King Juan Carlos's abdication, Madeleine McCann search and World Cup fever

Spain's King Juan Carlos in front of a Spanish flag in 2011 Image copyright Reuters

The abdication of King Juan Carlos of Spain provokes much comment in the press, with the Guardian describing it as a "humbling".

Juan Carlos had come to the conclusion he could no longer save the monarchy from its plummeting popularity, writes Giles Tremlett from Madrid, calling it a "humiliating end to four decades on the throne," which comes "despite the king generally being viewed as having made a great, even historic, contribution to his country".

Under the headline "reign in Spain has lately been a pain," the Daily Mirror notes that the king's reputation had suffered from a corruption probe into his youngest daughter's husband and from having been photographed hunting elephants in Botswana while Spain suffered in the economic downturn.

"Gone Juan," is the Metro's headline, while the Daily Mail describes him as a "tarnished monarch" and Times cartoonist Morten Morland imagines Juan Carlos handing over a battered crown - held together by sticking plasters - to his son Prince Felipe.

Image copyright AFP
Image caption The man who would be king, Prince Felipe, and his wife Letizia Ortiz

A former Olympic yachtsman, the crown prince "sails to monarchy's rescue," says the Guardian. Meanwhile, the Daily Telegraph is interested in the woman who will become queen, former TV presenter Letizia Ortiz, who is pictured on its front page.

Despite the king's struggles, the Times says he should be honoured for skilfully navigating the country out of fascism and into freedom. It remembers that Juan Carlos's "formidable achievements" in that he "brought the Spanish Socialist party back into the political mainstream, steered the country towards its first democratic elections and in 1981 helped to foil an attempted military coup".

The Daily Express's cartoon imagines Prince Charles casting an envious eye on events in Madrid, picturing him waving a Spanish flag and asking the Queen: "Anything on the news?"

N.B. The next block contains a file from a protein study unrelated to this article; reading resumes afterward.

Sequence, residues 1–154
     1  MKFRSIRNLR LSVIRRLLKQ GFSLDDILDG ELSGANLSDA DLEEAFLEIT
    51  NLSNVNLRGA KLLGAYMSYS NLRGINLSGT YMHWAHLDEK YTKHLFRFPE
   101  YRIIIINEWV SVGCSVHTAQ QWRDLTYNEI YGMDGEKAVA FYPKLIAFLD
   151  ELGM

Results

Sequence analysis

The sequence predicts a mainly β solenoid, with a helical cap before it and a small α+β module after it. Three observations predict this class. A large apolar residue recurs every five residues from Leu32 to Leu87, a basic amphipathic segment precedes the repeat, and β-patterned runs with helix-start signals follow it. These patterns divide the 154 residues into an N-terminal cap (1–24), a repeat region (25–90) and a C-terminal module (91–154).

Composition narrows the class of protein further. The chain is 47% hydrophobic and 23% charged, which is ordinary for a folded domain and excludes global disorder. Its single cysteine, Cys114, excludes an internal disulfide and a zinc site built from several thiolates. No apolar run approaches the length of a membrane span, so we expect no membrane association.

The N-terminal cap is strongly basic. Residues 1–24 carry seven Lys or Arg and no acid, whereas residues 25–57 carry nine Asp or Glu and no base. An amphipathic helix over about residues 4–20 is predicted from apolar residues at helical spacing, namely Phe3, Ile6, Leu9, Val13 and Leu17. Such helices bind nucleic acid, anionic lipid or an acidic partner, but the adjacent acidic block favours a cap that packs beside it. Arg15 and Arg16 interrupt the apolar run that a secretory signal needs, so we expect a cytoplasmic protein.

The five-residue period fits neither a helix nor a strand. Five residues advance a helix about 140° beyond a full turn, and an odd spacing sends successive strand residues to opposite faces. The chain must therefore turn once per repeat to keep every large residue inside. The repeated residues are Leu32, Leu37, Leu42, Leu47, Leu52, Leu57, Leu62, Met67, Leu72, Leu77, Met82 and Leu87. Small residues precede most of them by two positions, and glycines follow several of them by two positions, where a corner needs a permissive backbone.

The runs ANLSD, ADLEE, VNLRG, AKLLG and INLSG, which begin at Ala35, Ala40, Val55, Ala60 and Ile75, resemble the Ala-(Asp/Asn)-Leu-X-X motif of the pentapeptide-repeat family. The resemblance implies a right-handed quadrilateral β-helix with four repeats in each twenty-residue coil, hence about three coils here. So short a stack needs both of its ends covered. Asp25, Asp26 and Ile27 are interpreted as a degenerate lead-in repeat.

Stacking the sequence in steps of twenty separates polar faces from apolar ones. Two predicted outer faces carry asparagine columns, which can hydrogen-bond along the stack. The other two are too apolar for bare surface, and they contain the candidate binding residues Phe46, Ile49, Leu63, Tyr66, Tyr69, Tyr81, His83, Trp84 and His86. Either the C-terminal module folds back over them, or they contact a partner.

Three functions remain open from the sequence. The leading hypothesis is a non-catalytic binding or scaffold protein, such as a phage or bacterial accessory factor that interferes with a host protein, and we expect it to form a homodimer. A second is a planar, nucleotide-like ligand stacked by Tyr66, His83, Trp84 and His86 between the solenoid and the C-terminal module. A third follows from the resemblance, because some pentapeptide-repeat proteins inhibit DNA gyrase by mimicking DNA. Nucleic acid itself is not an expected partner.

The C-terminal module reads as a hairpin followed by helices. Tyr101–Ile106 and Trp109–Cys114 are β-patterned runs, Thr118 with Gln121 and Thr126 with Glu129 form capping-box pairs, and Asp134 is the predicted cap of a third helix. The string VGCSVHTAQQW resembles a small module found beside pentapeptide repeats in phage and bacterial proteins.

However, the Sun - which runs through "Europe's long rulers" - feels he'd be out of luck. It gives space to Majesty magazine editor Ingrid Seward to explain why Queen Elizabeth would never follow suit. "Abdication is a dirty word in our Royal Family," she says, arguing that the Queen would only hand over power if she felt mentally unfit to continue.


High-tech search

Image copyright Getty Images

The tabloids are closely following progress in the search for Madeleine McCann, who disappeared as a three-year-old while on holiday with her family in Portugal in 2007.

The Daily Express is one of those leading on the story, noting that British police are using ground-penetrating radar to aid their work, which is being carried out "on wasteland 300 yards from the apartment where Madeleine was staying when she vanished" in the Praia de Luz resort.

According to the Daily Star, officers are "liaising with archaeologists and using... sniffer dogs" to comb what it describes as a "former cabbage patch".

The Sun quotes the family's lawyer suggesting Madeleine's parents, Gerry and Kate, are bracing themselves for "significant news".

And the Mirror describes it as the "saddest search".

It quotes former Metropolitan Police detective Peter Kirkham saying officers may be searching the area because "they have new information... it has not been searched before or... it was searched only superficially back when Madeleine vanished".

"This one site is much too big to be dug up in its entirety.

"The ground-penetrating radar will indicate spots where digging may prove most productive," he adds.


Delayed departures

More than one newspaper shows the government to be at loggerheads with the courts over its deportation efforts.